Insulin detemir was released more recently than glargine and uses a different approach to extend its half-life. The insulin molecule is bound to a 14-carbon fatty acid. The addition of the hydrophobic fatty acid leads to albumin affinity, and, therefore, the insulin travels through the bloodstream bound to albumin. Because only the free fractions of the insulin molecules are active, the effective half-life of detemir is prolonged compared to regular insulin. The duration of action of detemir is 14-21 hours at commonly prescribed doses, but like other insulins, the duration is longer at higher doses. It may also have a more predictable glucose-lowering effect than NPH insulin.10,11
Detemir is approved for use once or twice daily. It is associated with a lower risk of hypoglycemia than NPH insulin in patients with type 1 or type 2 diabetes.11,12 Like glargine, it is available as a pen or in a vial, but also like glargine it is much more expensive than NPH and has not been definitively shown to improve A1C compared to NPH.
Traditionally, glucose has been controlled using an injection of NPH and regular insulin in the morning and in the evening (the “spit-mix”regimen). Because these insulins may be mixed, this approach minimizes the number of injections required. Regular insulin from the morning injection acts to control glucose levels after breakfast and with its extended action also assists in meeting basal insulin requirements. NPH, because of its combination of prolonged effect and peak of 4-10 hours, serves for both basal coverage and prandial coverage for the midday meal. The second injection of regular and NPH is typically given at suppertime. As in the morning, the regular insulin component provides prandial coverage for the evening meal, and the NPH component provides for basal insulin overnight. Additional regular insulin may be used at breakfast and supper to correct any hyperglycemia.
This traditional approach can be problematic, however. The overlap in the activity of regular insulin and NPH can cause considerable drops in glucose level, which often requires midmorning and bedtime snacking. Patients must also maintain a relatively inflexible daily schedule in which they eat lunch on time and consume predetermined amounts of carbohydrate based on the amount of NPH they have used hours ahead of time. Delaying lunch would typically result in hypoglycemia, whereas delaying breakfast or supper could cause hyperglycemia, as the effects of the previous dose of NPH wane.4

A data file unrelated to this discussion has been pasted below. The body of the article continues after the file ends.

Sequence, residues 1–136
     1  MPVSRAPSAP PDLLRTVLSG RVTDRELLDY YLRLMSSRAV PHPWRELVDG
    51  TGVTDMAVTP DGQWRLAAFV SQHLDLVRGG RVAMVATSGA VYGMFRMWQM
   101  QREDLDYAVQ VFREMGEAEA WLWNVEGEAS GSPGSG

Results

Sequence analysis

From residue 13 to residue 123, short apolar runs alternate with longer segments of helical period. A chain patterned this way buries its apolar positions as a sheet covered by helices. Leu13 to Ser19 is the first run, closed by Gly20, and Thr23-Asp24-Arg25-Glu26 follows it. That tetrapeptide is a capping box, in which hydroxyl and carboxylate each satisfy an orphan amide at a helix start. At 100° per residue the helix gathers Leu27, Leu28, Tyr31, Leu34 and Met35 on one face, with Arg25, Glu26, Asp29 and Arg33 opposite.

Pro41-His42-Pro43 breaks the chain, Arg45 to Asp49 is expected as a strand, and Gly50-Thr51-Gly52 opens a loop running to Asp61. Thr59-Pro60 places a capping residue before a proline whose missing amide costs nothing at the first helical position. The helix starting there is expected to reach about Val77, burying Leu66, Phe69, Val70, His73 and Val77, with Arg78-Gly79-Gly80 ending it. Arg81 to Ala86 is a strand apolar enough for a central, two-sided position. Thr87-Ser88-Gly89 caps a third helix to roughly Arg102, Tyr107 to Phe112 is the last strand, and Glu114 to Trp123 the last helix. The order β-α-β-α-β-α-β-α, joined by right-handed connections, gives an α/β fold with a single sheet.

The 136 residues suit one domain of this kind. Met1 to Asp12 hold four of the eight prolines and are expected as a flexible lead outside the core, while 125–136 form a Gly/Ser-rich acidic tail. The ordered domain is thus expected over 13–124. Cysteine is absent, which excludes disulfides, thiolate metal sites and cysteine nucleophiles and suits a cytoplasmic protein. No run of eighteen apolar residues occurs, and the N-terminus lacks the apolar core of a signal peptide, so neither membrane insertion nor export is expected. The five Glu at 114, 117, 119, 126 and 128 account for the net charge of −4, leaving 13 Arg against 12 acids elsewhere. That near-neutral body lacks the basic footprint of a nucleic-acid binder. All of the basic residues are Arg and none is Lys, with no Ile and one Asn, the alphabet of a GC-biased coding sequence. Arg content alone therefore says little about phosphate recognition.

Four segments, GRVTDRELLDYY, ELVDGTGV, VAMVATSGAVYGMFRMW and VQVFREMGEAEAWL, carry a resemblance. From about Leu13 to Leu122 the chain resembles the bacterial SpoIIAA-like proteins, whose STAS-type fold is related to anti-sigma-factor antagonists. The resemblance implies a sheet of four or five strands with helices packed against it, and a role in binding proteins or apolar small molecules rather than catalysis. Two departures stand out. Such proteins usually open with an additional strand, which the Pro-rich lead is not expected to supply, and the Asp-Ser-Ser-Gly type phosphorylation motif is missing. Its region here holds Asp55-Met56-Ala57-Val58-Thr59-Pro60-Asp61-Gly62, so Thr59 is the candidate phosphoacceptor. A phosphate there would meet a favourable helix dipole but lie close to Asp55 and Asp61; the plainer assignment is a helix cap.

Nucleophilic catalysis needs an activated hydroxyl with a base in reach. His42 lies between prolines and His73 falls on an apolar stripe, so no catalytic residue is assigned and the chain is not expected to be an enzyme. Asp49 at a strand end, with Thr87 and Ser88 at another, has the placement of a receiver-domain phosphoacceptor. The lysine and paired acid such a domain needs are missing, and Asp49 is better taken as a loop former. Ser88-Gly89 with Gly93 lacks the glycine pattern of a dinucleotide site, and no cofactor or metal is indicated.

A newer approach to administering insulin involves using the newer long-acting insulin analogs to provide basal insulin coverage through one or two daily injections and rapid-acting insulin analogs to cover mealtime glucose excursions. This “physiological” approach requires at least four injections daily and attempts to more closely replicate the body's normal physiological insulin secretion. As a result, patients have greater flexibility regarding the timing of meals; they typically do not have to eat at a particular time of the day to avoid hypoglycemia (as long as their basal insulin doses are not inappropriately high). Rapid-acting insulin is usually dosed according to the amount of carbohydrate consumed at each meal. Patients should check glucose levels at each meal and administer additional rapid-acting insulin if necessary.4
Using a long-acting basal insulin rather than NPH is associated with a lower risk of hypoglycemia in patients with type 1 or type 2 diabetes.5,9,13,14 However, this approach has not clearly resulted in improved A1C levels in large studies. It should also be noted that the expense of using two forms of insulin analogs is much greater than the cost of a regimen using regular and NPH insulins. Another variant of this approach is to use inhaled regular insulin for postprandial glucose control with basal insulin. Inhaled insulin offers rapid entry to the bloodstream, but its prolonged activity could lead to postprandial hypoglycemia, especially in patients with type 1 diabetes.
Initiating Insulin Therapy
How best to initiate insulin in patients with type 2 diabetes is a common dilemma for many physicians. Because type 1 diabetes is caused by absolute insulin deficiency, all type 1 diabetic patients will require insulin administration. Insulin therapy should therefore be initiated at the time of diagnosis, with a physiological insulin regimen as described above as the preferred approach. Type 2 diabetes, however, is characterized by a slower decline in ß-cell function and the eventual need for insulin therapy,but the timing of insulin initiation can be a source of debate on the part of physicians and dread on the part of patients.